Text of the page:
October 6, 2014
In an era of system hacks becoming more common, JP Morgan is the latest to report a massive breach of customer information. While the company believed a few weeks ago that only one million accounts were affected, it now reports that 76 million households and 8 million small businesses were part of the data breach. While recent breaches have largely involved retailers, some analysts are more concerned about the JP Morgan case, especially since banks tend to have more sensitive data about their customers.
“Banks have much more sensitive information about their customers than any retail operation, everything from social security numbers to detailed records of past spending,” reports The Atlantic. “So far, JP Morgan reports that only limited personal information, such as names, phone numbers, and addresses, were stolen, insisting that social security numbers, banking information, and other data remain safe.”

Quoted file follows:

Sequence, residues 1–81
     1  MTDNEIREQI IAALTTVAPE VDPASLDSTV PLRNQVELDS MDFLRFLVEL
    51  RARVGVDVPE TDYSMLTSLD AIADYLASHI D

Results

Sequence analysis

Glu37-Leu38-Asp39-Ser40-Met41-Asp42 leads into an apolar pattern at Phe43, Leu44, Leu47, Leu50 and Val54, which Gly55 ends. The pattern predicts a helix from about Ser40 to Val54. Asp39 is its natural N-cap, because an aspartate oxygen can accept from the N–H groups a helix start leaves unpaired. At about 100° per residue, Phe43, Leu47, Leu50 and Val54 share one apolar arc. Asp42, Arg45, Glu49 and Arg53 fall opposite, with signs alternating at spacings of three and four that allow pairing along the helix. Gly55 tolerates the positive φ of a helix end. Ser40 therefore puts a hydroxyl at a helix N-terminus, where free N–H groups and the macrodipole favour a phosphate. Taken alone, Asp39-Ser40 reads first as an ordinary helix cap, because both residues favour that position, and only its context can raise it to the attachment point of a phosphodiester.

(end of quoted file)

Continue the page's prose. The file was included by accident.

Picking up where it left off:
But if that other information were to be leaked, the results could be catastrophic. And personal information leaks could easily lead to increased identity theft.
“There’s now a potential array of fraudulent activity possible without the consumer even knowing,” explained Jeremy Edwards, lead analyst at IBISWorld. “If you get a phone call that seems like it’s coming from a financial institution with your information, you’re more likely to believe the scammer.”
To make matters worse, some believe there is little that can be done beyond current security measures to prevent this type of attack from happening again.
“JP Morgan spends crazy amounts of money on IT security and yet they can still be hacked,” said Adam Levitin, Georgetown professor of law. “There’s really no way you can be connected to the Internet and keep things safe.”